Humanitarians are “very concerned” about the plight of more than 64,000 people living in the restive Al Hol camp in northeast Syria, the UN Spokesperson told journalists on Friday.
Located in northeastern Syria, near the border with Iraq, 94 percent of the camp for the displaced, is made up of women and children who formerly lived in from territory held by the terrorist group ISIL.
In September last year, UN-appointed human rights investigators reported that conditions in the camp were “appalling” and “inhumane”, and called on the international community to take action to protect thousands of children from being left stateless, on the grounds that member states were seemingly unwilling to repatriate them, fearing extremist links.
“There are around 34,000 children under the age of 12 in Al Hol — more than 120 of them are unaccompanied or separated from their families and living in an interim care center in the camp,” said Stéphane Dujarric at Friday’s regular briefing.
Conditions in Al Hol are “difficult by any measure”, he acknowledged, adding that over the past month, “humanitarians have expressed alarm at the deteriorating security situation in the camp following a rise in violent incidents”.
‘A significant risk’
Moreover, four COVID-19 cases have been confirmed so far. “Testing is relatively limited, and a wider outbreak remains a significant risk,” Dujarric said, noting that while the UN and its humanitarian partners are providing “comprehensive assistance” to the camp, “this cannot be a substitute for durable solutions for all the residents”.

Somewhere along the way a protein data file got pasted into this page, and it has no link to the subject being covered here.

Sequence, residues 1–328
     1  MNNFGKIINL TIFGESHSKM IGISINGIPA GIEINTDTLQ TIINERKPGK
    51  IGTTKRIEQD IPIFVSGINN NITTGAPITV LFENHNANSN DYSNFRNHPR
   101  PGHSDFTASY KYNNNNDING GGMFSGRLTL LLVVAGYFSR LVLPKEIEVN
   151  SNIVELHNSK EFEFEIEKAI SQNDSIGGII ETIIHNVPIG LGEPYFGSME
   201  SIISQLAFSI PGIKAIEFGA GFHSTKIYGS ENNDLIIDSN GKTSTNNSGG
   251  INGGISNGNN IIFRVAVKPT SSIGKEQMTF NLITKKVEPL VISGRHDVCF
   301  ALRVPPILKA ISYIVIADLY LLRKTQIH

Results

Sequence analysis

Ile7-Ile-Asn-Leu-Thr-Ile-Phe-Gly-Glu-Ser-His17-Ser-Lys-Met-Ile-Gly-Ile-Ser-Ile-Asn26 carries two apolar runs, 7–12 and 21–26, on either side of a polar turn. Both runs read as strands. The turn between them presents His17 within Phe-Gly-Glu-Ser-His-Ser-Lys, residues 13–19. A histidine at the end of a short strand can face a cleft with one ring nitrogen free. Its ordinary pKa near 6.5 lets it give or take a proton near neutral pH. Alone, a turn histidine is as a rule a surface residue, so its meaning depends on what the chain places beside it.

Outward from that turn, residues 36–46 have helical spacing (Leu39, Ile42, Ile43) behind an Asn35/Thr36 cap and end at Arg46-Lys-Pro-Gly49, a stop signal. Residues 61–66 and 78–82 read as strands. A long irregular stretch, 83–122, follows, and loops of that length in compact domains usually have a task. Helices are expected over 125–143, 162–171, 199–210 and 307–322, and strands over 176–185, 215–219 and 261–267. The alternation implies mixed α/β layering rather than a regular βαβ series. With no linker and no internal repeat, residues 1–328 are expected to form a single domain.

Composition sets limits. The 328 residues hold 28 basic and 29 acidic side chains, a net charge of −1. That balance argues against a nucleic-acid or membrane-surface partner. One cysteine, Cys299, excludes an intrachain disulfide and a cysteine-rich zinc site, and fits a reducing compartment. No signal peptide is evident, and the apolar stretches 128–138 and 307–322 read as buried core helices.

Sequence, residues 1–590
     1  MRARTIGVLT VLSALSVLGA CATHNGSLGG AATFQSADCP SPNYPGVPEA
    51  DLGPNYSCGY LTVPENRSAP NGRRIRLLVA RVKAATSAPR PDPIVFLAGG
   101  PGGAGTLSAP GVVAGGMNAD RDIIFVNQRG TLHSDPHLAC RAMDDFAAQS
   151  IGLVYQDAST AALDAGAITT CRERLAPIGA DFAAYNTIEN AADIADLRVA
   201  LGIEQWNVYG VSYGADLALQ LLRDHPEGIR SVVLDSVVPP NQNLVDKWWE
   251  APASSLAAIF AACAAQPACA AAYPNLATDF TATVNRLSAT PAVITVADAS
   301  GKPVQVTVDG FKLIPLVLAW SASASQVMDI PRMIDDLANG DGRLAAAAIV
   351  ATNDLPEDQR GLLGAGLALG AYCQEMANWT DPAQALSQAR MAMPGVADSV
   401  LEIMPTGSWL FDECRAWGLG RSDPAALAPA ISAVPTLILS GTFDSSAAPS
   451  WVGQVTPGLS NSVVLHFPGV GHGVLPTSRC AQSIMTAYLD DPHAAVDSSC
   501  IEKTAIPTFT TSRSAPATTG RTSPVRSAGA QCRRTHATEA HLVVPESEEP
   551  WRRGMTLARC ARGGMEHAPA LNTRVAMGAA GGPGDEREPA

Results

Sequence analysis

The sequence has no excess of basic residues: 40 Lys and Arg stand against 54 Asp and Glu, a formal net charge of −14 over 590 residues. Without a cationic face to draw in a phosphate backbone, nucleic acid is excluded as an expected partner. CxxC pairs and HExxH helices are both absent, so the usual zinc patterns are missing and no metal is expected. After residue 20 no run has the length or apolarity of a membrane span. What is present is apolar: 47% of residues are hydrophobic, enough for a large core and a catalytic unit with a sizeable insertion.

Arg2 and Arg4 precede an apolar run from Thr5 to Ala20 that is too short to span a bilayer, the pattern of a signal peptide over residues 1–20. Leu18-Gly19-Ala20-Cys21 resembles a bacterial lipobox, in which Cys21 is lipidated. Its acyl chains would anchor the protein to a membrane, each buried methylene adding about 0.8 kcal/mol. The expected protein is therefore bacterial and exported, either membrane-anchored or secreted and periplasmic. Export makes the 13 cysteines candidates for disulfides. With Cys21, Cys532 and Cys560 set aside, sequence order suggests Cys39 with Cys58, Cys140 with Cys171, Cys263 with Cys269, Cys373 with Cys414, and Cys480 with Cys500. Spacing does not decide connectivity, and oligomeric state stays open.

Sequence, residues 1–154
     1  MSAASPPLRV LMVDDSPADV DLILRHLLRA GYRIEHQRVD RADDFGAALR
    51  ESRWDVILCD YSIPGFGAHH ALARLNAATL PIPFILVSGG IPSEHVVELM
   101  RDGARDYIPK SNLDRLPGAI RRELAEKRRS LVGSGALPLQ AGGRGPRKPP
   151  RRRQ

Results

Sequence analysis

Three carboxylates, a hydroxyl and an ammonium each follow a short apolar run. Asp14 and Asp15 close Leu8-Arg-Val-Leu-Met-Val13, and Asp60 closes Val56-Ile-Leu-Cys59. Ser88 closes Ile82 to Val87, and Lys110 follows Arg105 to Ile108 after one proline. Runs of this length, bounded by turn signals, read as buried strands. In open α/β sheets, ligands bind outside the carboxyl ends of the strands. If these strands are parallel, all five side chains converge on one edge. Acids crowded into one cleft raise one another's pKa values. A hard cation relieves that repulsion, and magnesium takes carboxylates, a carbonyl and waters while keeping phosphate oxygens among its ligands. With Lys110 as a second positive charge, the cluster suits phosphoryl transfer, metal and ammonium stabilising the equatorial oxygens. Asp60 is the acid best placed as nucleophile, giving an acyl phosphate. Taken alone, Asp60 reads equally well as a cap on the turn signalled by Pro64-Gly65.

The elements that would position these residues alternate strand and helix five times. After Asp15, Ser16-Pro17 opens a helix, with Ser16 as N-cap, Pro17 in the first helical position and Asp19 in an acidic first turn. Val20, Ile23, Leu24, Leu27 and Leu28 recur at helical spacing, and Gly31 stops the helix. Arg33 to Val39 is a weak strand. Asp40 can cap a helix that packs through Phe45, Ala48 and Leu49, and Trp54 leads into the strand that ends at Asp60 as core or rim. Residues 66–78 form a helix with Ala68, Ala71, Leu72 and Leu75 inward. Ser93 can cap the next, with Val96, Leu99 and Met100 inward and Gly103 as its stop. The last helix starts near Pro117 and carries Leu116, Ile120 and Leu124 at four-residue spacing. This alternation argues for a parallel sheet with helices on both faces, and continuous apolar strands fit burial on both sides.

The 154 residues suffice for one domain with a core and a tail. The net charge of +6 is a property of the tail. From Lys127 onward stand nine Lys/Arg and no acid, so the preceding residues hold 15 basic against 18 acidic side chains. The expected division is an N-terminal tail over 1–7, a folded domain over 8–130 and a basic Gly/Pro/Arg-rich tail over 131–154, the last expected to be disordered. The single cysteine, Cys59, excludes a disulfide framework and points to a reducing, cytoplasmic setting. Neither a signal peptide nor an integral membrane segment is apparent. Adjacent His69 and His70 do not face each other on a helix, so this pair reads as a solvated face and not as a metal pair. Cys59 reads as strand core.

According to the UN Children’s Fund (UNICEF), the coronavirus has prompted some health and education services in Al Hol to pause and also led to a reduction in the number of workers in the camp.
“COVID-19, with the resulting movement restrictions and quarantine measures, is making a critical situation even worse,” the Executive Director of UNICEF Henretta Fore, had said.
Over the course of the last two months, the UN spokesperson said that more than 1,000 people have reportedly left the camp.
“There have also been reports of plans by local authorities to expedite and increase departures of displaced Syrian families in the coming months,” he said.
Meanwhile, the UN High Commissioner for Human Rights has urged Turkey to launch an immediate independent investigation into violations and abuses committed in parts of north, northwest and northeast Syria, which are under the control of its forces and affiliated armed groups.
“Any departures must be voluntary, safe, fully informed and dignified, and in the best interests of the children,” underscored Dujarric.
— UN News